The gender benders

Updated: May 27 2007, 05:30am hrs
Times have changed, and so has the fashion statement of an urbanite world. You wear a pink striped shirt to office, while your secretary sports an utterly masculine watch without being called a tomboy. Though there is no doubt that most shopping till date is done within the confines of a menswear and womenswear mindset, the new generation of fashion aficionados, both consumers and fashion brands, are opting to give gender preferences a break, while they shop and sell.

Rashmi Atal, a manager with Indraprastha University, has splurged on Benettons newly launched unisex perfume. Among her many reasons to pick this moss-green, curvy bottle caged in a glass box is a break from the routine. Tired of the soft feminine fragrances, I used to try masculine ones as they stay for long. My brother, however, complained that I was trying something too masculine and that it might not go down too well with people. But with the new perfume, I think one can fight this mindset. First its tagged unisexual, so there are no complaints; second its in vogue, so it gets all the more attention, she says.

Benettons new unisex perfume is not the only one in the category. Numerous customers globally boast Calvin Kleins unisex fragrances Ck1 and Ck Be. Fastrack, the sporty youth brand of Titan Industries, wants to repeat the success registered with its limited-edition unisex range of wrist-watches. Allen Solly too has extended its Friday Dressing mood to women, positioning the brand as unisex. Crocs, the American casual footwear brand, recently launched a beachwear collection in India meant for adultsgiving the same colour palette and styles to both men and women.

Trend forecasters like Rajiv Goyal, however, think this has been there for some time. The differences that have occurred over the years are the increased confidence level among women and the ready-to- experiment attitude among men, he says. The latest line of unisex perfumes, he adds, has followed the colognes that are citrus fragrances and are weak in concentration so that it can click with both the genders. The look has surprisingly been taken well in apparel. Today, the fabrics and prints are kept almost same. Thanks to brands like Levis, one sees same fits and styles existing for both men and women. Moreover, one doesnt come across gender biases while picking gadgets and cars. These days, no one minds a bit of stylisation in these. When one sees both David Beckham and Beyonce Knowles owning a sapphire-studded Vertu Ascent series phone by Nokia, one agrees that diamonds, if used smartly, can interest both men and women, he elaborates.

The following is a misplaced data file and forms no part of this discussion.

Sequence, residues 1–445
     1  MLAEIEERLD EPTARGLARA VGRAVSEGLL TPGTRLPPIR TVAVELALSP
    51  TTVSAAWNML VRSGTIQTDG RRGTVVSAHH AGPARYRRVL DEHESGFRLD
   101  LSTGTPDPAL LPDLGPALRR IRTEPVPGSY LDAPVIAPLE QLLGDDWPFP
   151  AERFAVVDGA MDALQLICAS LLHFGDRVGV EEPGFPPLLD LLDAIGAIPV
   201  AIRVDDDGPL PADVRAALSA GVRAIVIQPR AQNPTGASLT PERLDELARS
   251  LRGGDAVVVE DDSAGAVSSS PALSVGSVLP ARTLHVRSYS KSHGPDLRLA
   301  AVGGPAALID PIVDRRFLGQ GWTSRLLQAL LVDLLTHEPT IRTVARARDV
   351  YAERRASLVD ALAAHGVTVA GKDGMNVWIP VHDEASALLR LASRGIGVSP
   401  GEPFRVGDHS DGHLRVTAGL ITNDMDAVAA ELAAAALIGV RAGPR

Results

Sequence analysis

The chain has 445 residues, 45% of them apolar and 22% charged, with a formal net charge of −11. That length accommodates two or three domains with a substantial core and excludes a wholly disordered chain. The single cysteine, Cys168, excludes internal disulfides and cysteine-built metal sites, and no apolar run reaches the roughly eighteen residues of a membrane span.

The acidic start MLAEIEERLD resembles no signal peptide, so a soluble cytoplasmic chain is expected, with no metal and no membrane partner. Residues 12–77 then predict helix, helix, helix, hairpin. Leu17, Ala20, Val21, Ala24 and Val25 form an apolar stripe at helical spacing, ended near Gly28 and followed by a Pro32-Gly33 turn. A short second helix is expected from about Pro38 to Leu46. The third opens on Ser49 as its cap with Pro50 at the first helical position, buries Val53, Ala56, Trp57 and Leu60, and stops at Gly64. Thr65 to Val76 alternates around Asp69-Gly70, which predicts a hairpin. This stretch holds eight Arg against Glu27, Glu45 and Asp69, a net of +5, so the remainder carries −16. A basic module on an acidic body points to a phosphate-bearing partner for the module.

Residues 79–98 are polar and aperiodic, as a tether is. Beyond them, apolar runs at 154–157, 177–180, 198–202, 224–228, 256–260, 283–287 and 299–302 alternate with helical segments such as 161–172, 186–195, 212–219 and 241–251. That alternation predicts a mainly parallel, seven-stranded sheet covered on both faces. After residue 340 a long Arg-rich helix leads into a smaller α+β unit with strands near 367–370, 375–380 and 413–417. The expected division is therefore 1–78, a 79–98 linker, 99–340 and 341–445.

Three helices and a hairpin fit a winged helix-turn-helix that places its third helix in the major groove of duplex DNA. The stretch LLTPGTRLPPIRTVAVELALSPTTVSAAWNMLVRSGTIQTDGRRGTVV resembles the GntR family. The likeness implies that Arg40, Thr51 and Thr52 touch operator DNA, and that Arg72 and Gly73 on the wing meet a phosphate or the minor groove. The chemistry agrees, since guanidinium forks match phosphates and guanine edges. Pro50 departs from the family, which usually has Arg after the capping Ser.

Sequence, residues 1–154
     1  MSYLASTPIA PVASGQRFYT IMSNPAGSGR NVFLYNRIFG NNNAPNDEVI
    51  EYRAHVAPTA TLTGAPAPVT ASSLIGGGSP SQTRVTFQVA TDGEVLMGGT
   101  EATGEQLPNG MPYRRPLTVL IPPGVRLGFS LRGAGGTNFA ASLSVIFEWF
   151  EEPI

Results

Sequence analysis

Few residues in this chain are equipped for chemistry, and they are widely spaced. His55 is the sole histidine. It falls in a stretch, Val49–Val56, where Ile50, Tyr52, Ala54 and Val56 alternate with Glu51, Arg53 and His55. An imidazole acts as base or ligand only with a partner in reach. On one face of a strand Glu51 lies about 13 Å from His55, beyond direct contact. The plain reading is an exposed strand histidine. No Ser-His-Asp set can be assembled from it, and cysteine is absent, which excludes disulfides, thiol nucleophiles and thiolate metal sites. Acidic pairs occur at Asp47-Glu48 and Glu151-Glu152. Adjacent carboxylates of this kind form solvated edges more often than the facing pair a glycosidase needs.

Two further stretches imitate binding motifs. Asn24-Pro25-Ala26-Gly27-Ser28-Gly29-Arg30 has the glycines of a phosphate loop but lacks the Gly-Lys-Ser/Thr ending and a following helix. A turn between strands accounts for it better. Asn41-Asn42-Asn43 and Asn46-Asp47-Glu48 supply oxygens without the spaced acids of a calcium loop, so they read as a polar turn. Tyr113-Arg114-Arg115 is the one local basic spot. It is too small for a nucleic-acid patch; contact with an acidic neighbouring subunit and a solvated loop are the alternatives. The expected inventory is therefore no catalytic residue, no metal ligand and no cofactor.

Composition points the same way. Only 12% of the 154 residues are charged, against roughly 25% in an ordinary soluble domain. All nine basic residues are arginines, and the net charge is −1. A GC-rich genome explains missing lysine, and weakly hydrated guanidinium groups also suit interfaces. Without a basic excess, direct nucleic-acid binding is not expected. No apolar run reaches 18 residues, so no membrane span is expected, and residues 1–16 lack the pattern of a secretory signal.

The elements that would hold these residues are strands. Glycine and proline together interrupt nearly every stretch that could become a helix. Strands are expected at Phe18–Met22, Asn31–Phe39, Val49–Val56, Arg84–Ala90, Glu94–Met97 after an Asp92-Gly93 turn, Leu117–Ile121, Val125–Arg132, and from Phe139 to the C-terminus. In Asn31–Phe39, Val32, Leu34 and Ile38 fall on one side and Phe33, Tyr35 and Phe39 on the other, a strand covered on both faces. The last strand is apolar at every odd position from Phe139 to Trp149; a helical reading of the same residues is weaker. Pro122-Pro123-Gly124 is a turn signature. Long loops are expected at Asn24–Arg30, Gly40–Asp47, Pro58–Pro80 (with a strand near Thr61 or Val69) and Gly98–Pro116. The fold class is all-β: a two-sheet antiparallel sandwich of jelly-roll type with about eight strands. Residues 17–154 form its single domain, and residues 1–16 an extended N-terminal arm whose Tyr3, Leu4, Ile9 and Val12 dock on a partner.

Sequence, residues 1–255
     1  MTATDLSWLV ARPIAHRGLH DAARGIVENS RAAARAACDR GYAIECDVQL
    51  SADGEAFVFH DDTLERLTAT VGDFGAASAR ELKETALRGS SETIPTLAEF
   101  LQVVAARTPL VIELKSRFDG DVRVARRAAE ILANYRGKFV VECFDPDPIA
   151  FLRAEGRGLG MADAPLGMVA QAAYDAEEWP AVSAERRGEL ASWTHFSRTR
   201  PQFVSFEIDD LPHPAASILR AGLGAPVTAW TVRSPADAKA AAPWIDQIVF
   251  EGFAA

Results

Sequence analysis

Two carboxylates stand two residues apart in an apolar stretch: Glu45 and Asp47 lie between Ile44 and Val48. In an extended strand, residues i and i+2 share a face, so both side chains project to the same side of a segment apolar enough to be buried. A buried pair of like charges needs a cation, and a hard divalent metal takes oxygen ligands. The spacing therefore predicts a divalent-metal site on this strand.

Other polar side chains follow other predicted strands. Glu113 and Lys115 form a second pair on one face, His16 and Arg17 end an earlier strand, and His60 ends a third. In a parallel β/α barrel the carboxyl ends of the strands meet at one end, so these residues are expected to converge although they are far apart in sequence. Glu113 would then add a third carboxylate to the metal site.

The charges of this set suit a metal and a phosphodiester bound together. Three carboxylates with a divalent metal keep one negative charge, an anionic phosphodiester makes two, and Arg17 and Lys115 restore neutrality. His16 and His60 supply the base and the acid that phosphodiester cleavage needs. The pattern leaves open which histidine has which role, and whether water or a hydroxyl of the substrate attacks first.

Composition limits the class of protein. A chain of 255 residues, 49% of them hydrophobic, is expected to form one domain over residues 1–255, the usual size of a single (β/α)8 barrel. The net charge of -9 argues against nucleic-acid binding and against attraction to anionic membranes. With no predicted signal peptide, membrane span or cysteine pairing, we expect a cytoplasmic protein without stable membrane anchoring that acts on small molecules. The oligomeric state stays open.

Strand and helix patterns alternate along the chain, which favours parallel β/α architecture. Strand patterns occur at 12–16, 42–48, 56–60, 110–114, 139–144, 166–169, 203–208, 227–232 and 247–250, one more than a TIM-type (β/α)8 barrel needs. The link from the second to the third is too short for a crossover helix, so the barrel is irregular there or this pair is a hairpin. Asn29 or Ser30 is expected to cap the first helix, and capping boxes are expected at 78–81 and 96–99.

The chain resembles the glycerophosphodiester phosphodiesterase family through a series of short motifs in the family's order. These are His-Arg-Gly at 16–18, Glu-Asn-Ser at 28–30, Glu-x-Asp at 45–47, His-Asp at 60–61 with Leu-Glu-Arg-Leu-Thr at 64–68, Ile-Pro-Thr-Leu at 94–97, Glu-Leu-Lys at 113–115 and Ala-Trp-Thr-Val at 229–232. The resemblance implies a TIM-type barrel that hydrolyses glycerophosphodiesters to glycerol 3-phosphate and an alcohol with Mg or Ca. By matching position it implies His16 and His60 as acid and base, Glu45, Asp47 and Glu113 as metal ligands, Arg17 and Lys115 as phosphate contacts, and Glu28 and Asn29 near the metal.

Dilip Kapur, president, Hidesign, agrees wholeheartedly. Though his brand has bags that take care of individual gender tastes, certain sections of his range are also unisex. And, as he suggests, this has happened automatically. While working with international designers, Kapur realised that designs that work globally not necessarily depend on what would suit a man or woman. The thumb rule is functionality. That is the reason we see common styles doing rounds in the work wear category. Work brings both the sexes together. That is the reason why functionality is the focus, he says, and adds, Another reason for the prominence of the unisex look is the casualness setting in the lifestyle segment, especially in the sports and casual wear brands. When I see men from fashion capitals like Milan and London carrying big travel bags with handles like those on ladies bag, the idea is clear. In our imagery too, we avoid stacking our products as feminine or masculine, he says.

Vikas Gupta, president and CEO, Lacoste India, also underlines the functionality principle. Many times, usage of a product goes beyond gender specification. It typically happens when a consumer looks for a functional benefit from a product or a category rather than enhancement or expression of ones personality.

A consumer seeking impact resistance on a treadmill would buy footwear with proper shock absorption; a customer wanting a grip shoe for the squash court would buy shoes with treads; a consumer seeking to control body heat would wear a certain kind of garment irrespective of gender preference. But if one talks about occasion-based dressing, style and areas are clearly defined.

Very different from these views are those of people like adman Prathap Suthan. Saying he is conservative about fashion, he thinks the unisex look is nothing but a fad. But will it last With companies, may be, yes, as they get a chance to serve something different to their customers. What they are looking at is creating a third category besides those for men and women. Ask me as a consumer, the apparel or style of an individual is an integral part of his personality. Personally, I would like to stick to my kind of clothes, says the national creative director of Grey Worldwide, who doesnt mind the unisex blue-jeans-white-shirt look.

Finally, its the person wearing the clothes who will decide which way he or she wants to gostraddle the gender divide or stay clear of the border. Meanwhile, stay alert for some mild confusion in the fashion statements being made.